The Globe and Mail
July 9, 2004
Summary: Although the effort to switch to proportional
representation in Canada at a national level may be blocked, five provinces,
British Columbia, Ontario, Quebec, New Brunswick, and Prince Edward Island, are
considering the adoption of proportional representation.
The Globe and Mail
5 Provinces Consider Voting Changes
By Noah Love
July 9, 2004
Though NDP Leader Jack Layton won't have much clout to push voting changes on
a federal level, they may be on the way in five provinces, and British Columbia
could have a new system by May of 2005.
The B.C. government has convened the Citizens' Assembly on Electoral Reform,
a group of men and women chosen by random draw to decide in the fall whether to
stick to the current electoral formula, or switch to another system, most likely
some form of proportional representation.
If the group decides the current system needs to be replaced, the issue will
be put to a province-wide referendum during the next B.C. election, which takes
place on May 15, 2005. The new system would take effect in the 2009 vote.
Ontario, Quebec, New Brunswick and Prince Edward Island are also considering
some type of voting changes.
"B.C. has set the bar very high for other provinces in terms of how to
do a public consultation and decision-making process," said Larry Gordon,
executive director of Fair Vote Canada. "None of the other four have gone
so far as to turn it over to the public entirely."
Proportional representation basically means that the popular vote in a given
election reflects the number of seats the party will receive in the legislature.
About 50 countries use one of the many forms of this voting system.
Fair Vote Canada was established in 2000, after the federal election returned
Jean Chrą©tien's Liberals to Parliament with a sweeping majority. Its goal was
to push a system that would more accurately represent the voters, proportional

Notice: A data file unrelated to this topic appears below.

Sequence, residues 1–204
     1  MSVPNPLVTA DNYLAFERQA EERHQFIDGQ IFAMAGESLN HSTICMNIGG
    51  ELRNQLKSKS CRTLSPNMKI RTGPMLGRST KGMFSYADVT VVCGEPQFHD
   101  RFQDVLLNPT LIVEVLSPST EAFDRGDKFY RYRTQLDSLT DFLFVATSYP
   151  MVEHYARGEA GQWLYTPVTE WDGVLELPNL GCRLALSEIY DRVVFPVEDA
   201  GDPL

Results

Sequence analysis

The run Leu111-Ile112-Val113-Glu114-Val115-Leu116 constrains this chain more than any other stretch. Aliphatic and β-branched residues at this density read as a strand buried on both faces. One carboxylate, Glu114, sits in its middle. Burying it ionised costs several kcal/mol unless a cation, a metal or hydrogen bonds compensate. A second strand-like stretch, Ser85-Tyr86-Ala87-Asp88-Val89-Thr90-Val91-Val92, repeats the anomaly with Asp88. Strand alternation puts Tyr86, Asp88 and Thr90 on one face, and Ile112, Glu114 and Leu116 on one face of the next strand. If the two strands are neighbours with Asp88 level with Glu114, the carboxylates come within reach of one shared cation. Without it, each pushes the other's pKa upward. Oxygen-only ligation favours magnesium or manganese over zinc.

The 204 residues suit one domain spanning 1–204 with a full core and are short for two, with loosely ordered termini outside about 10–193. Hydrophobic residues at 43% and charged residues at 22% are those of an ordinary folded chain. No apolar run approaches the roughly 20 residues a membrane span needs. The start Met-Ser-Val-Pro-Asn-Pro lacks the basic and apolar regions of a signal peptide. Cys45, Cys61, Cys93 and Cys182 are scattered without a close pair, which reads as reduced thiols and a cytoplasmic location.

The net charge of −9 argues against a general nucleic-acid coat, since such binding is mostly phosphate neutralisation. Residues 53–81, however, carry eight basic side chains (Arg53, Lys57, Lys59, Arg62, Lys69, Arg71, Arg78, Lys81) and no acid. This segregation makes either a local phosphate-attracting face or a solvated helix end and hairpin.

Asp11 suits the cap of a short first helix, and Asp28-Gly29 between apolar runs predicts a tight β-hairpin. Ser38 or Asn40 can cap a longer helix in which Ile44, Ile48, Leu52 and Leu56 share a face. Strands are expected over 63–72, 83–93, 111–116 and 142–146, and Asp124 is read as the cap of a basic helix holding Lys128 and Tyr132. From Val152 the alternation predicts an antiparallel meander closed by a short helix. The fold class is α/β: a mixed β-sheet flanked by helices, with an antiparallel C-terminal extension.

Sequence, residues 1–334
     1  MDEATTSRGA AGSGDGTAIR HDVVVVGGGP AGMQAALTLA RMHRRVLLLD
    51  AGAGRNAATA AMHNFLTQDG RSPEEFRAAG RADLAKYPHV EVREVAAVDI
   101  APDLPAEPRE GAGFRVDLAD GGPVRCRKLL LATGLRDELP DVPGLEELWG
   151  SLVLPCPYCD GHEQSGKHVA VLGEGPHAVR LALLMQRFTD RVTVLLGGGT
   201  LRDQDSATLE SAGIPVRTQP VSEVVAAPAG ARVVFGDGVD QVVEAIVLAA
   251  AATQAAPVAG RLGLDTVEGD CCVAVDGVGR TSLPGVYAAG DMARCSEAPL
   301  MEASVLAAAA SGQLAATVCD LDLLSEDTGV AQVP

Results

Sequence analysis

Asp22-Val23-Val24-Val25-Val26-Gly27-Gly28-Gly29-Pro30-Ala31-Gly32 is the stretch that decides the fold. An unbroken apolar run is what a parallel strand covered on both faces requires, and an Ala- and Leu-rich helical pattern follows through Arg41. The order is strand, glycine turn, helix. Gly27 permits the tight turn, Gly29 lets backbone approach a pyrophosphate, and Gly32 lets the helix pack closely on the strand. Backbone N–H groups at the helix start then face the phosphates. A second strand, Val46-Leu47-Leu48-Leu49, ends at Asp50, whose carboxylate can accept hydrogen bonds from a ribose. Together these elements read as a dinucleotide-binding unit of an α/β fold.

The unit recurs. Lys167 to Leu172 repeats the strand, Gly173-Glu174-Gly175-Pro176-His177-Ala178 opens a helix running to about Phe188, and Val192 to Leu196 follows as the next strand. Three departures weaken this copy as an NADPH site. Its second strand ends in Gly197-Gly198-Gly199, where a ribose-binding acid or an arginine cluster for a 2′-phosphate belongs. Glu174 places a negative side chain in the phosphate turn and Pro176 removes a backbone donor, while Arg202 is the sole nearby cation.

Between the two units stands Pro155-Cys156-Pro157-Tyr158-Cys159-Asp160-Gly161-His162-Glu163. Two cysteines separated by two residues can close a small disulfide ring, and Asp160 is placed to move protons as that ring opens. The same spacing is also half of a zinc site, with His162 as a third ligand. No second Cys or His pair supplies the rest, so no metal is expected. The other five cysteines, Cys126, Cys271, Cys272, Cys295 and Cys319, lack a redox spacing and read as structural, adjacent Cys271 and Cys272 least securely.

"The questions we tended to get were, well, this is a really interesting
idea, but you don't think anybody would allow this to happen, do you," Mr.
"Every government of any political stripe once they're in power tend to
think that the voting system is just fine."
Mr. Layton favours the proportional representation system. If it had been
used to determine the outcome of the latest federal election, his New Democrats
would have received 47 seats.
The B.C. initiative was started by Premier Gordon Campbell, who was at one
point the most prominent victim of the current system. In the 1996 B.C.
election, his Liberals captured the popular vote, but ended up with 33 seats,
six less than the NDP, which ended up controlling the House.
Mr. Campbell promised during his next campaign that he would form a citizens
group to look for a better system. When the Liberals were elected with 98 per
cent of the province's seats, the new Premier came through on his promise,
slowly but surely.
But just what type of proportional representation will be used?
In the Netherlands, 150 representatives are responsible for all regions of
the nation. In Ireland, representatives are assigned districts. In some
countries, candidates are voted in through primary processes, others are picked
directly by the party leaders.